Water Testing Lab,Karnal-132001(haryana)
09416204204,09729248248,
ak_ranaji3@yahoo.co.in

3. Dear Dara,   I would suggest

Dear Dara,

 

I would suggest that you should contact the Tarun Bharat Sangh, who has evolved their successful strategy after interacting with village elders and benefiting from their wisdom. They have applied the evolved appropriate technology in case of several villages, using this mode of communication. I have described this and a few other successful cases in the chapter 'Hope Oases' in my book 'Water Harvesting and Sustainable Supply in India' published by Center for Environment Education', jointly with Rawat publications.

 

Regards,

 

Ramesh Athavale

Formerly Director Grade Scientist

National Geophysical Research Institute

Hyderabad

4. Effective Communication Strategy on Water

Dear Sir.

With reference to your request in connection with Communication Strategy on water use, I would like to put forward few points as follows.

                The communication strategy for behavioural change in connection with household Drinking Water should be based on two basic points:-

  1. Water stress

  2. Water safety against contamination

 

At first, a proper baseline survey will be necessary to reveal the main issues of Habit and Behaviour on water use in a specific area / region. Such baseline survey can be conducted by engaging properly trained data collectors from local CBO / NGO / field level Govt. officials etc.

 

Then the Communication Objectives should be drawn up based on different issues – like –

--- In case of water stress, more importance should be on minimising the loss of water, reuse option, alternate sources, Rain Water Harvesting etc. along with the water & health linkages and source protection.

 

--- In case water safety against contamination, more importance should be on microbiological contamination with a focus on the water & health linkage and source protection.

 

Based on the objectives, the communication materials should be designed with due importance on mass communication and most importantly, the themes of such materials must be region / community specific.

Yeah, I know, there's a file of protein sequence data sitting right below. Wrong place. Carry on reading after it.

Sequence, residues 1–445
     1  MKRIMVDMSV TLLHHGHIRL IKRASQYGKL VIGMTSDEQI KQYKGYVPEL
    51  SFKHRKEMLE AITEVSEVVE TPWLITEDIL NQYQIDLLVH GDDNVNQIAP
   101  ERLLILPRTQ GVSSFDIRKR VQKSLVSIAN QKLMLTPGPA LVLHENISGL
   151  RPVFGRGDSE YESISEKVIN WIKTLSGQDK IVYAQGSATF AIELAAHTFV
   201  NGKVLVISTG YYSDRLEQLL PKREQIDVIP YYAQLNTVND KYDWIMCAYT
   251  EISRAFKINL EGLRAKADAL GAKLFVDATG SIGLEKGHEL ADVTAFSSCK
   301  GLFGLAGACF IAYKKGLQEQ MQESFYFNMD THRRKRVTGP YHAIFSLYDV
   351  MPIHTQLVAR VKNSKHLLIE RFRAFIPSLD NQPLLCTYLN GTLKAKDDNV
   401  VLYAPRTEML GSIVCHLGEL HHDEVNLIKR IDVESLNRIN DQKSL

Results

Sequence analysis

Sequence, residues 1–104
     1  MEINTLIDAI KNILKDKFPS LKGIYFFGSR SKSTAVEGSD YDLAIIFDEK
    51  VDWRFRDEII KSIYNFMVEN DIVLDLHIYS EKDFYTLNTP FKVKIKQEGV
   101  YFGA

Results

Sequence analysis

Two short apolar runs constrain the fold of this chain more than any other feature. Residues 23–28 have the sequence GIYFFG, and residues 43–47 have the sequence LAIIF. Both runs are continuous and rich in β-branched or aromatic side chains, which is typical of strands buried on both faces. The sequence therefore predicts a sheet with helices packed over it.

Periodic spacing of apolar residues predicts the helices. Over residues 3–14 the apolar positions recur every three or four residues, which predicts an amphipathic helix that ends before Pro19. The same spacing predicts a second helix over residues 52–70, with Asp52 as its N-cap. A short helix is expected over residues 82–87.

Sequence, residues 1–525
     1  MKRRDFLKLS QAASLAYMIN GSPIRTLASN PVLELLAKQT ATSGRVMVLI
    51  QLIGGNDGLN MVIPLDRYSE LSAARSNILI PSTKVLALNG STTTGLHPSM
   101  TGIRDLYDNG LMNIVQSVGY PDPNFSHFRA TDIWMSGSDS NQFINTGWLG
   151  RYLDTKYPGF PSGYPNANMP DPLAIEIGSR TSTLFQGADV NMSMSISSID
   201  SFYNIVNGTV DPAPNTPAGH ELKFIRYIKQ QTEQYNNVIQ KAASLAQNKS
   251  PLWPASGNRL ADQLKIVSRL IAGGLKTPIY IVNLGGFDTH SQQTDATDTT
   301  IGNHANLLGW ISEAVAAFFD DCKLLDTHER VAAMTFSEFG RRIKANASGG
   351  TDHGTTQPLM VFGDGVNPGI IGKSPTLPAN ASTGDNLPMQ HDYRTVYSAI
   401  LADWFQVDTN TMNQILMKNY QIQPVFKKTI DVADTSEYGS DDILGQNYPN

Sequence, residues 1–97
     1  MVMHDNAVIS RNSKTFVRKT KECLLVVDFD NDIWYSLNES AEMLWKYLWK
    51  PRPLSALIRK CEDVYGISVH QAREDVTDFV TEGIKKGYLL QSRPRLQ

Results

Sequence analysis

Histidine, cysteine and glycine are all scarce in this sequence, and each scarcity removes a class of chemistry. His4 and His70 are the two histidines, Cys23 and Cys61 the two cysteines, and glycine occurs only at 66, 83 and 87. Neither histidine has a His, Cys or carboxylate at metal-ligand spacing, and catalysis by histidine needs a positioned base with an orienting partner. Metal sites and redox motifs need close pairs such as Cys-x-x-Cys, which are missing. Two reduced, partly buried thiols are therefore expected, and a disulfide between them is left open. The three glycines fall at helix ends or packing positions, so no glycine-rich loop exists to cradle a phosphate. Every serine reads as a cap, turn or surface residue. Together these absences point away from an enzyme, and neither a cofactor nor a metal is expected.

The process of implementation of the action plan based on the communication strategy should always target all sections of the people and specially the women and children. Such action plan should invariably consider the following :-

  1. Continued hammering in a long term approach till habit formation is assured.

  2. Blanket approach to cover all sections of people through inter personal communication as well as mass media.

  3. Time to time Monitoring of health indicators

  4. Reorientation of different approaches

  5. Third partly evaluation.

 

For carrying out grass root level communication activities, a CBO / NGO / female oriented organization etc. may perhaps be much more result oriented. Sometimes a small resource group of local people, who are convergent with its importance, may also prove to be quite effective in ensuring behavioural change in villages. The implementation may also focus on involving a community based facilitator ( e.g. ASHA worker under NRHM ) for this purpose.

Thanking you and wishing your success to develop an effective Communication Stategy on water.

Nripendra Kumar Sarma

Public Health Engineering Department, Assam

Guwahati